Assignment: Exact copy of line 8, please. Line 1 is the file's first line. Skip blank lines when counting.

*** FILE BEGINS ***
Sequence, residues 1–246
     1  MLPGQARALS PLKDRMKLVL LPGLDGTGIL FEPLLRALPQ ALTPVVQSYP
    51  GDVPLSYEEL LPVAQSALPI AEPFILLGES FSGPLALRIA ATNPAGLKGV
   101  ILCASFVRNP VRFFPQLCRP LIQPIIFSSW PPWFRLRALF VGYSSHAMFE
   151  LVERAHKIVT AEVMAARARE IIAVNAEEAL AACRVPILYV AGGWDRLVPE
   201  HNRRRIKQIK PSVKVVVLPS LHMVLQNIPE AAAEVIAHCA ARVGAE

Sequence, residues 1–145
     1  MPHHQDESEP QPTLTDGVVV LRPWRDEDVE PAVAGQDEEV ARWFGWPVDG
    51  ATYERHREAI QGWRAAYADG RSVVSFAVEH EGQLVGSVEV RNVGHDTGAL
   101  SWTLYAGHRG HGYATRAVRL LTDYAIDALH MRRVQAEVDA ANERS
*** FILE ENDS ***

     1  MPHHQDESEP QPTLTDGVVV LRPWRDEDVE PAVAGQDEEV ARWFGWPVDG